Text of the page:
A googly spin on assessing proportionality of costs


Published: 22 January 2018

The recent appeal decision of May & Anor v Wavell Group Plc & Anor [2017] affords a fresh approach on assessment of proportionality of costs for interim applications. This decision shows that the courts are willing to take a holistic approach to the proportionality test where the complexity of litigation is prevalent and award legal costs which may seem to be disproportionate to the value of the claim.

The claim concerned an injunctive relief to abate nuisance, restrain from construction works and/or damages for interference with the appellants' quiet enjoyment of their property.

Before the proceedings reached trial, although no application for and interim relief was filed, the respondent made a Part 36 offer to settle the claim for £25,000. The resulting consequences of that offer included payment of the appellants' costs on the standard basis. The offer was duly accepted and the proceedings then moved on to a detailed assessment of the appellants' costs.

The judgment set out the appellants' costs to be:." £208,236.54 comprising £131,138.00 profit costs, £42,578.28 disbursements (ie experts, the costs of issuing the claim and the costs of drawing the bill) and VAT."

The Senior Costs Judge was tasked with a detailed assessment under CPR 44.3(5) to the incurred costs. Those grounds being:

a. "the sums in issue in the proceedings" ;
b. "the value of any non-monetary relief in issue in the proceedings" ;
c. "the complexity of the litigation" ;
d. "the additional work generated by the conduct of the paying party" ;
e. "any wider factors involved in the proceedings, such as reputation or public importance".

With the above the Senior Costs Judge then applied the proportionality test assessing the reasonableness of costs which he determined to be at £99,655.74; and the proportionality of the total sum which he then determined to be £35,000 and VAT in total. The basis of the Senior Costs Judge's assessment was that the effect of the global approach to the "resulting figure becomes entirely a matter of judgment", thus boiling it down to two key factors: legal complexity and the pre-trial stage settlement which he deemed to be a cost saving exercise.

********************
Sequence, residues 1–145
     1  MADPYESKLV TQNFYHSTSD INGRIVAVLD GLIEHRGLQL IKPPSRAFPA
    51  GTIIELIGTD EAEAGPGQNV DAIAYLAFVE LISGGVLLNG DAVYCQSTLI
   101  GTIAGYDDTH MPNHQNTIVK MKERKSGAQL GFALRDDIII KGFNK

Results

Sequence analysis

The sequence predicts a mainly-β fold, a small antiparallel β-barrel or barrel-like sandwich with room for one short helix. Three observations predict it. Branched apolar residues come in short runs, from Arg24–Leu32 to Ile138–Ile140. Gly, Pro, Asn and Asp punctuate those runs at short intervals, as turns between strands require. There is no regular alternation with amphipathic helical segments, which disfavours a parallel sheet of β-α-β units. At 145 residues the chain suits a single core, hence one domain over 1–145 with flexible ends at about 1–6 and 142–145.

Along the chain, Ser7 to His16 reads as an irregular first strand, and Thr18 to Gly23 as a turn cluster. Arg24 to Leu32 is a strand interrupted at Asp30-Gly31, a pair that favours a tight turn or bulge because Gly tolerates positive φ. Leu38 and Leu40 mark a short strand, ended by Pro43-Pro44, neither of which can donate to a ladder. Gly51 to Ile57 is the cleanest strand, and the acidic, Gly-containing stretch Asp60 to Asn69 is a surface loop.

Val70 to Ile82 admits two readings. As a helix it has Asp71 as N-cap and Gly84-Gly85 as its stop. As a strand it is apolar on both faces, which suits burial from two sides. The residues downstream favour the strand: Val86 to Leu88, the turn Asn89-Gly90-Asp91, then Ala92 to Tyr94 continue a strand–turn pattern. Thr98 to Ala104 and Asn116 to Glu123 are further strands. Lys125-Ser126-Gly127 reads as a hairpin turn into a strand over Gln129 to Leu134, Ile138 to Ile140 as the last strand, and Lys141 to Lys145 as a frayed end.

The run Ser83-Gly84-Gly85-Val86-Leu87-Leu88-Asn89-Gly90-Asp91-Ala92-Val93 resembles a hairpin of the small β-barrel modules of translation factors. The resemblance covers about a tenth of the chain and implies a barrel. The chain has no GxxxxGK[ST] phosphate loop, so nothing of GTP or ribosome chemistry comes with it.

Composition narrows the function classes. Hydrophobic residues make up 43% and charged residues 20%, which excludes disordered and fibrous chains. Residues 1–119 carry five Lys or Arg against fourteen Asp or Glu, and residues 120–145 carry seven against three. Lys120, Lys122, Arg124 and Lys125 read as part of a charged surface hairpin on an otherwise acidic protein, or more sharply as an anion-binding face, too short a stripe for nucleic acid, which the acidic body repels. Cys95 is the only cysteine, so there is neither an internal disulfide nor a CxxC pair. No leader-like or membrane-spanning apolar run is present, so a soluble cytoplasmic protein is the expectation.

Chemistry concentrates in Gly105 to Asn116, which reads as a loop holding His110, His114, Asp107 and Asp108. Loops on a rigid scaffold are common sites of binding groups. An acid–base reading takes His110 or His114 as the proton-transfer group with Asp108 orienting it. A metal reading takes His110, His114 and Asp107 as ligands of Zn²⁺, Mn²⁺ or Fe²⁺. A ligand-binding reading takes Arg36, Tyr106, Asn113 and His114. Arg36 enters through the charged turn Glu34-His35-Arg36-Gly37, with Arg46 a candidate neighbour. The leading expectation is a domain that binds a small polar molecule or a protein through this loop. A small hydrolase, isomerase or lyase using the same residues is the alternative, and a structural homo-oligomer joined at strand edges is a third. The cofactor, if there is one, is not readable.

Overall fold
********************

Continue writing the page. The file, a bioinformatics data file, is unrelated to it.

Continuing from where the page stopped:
The appellants appealed the Senior Costs Judge's decision based on the misdirection and misapplication of the proportionality test. The "new" proportionality test has had little attention by way of authorities which handicaps parties who seek much needed guidance. Be that as it may, the Appeal Judges considered Leggatt J decision of Kazakhstan Kazagy Plc v Zhunus [2015] EWHC 404 in which he held that "It is fair to distinguish between, on the one hand, costs which are reasonably attributable to the other party's conduct in bringing or contesting the proceedings [...] and, on the other hand, costs which are attributable to a party's own choice about how best to advance its interests."

The Appeal Judge highlighted the effects of reasonableness and proportionality when assessing costs but that the CPR 44.3(5) must be given due consideration if a balance of scales between them is to be achieved.

A key factor in the Senior Costs Judge's decision in assessing the value of the claim was the figure at which the case had settled, but the Appeal Judge disagreed with this approach, as to do so would have meant that the settlement sum was reflective of the final stages of the battle rather than the battle grounds upon which the dispute was fought on.

To summarise, the Appeal Judge held that the Senior Costs Judge had misapplied the proportionality test by undervaluing the value of the claim and failing to recognise the complexity of the litigation ground which resulted in the drastic reduction of the appellant's costs. The Appeal Judge reversed the decision and awarded £75,000 and VAT.

The successful appellants were represented by Simon Farrell QC of 3 Raymond Buildings.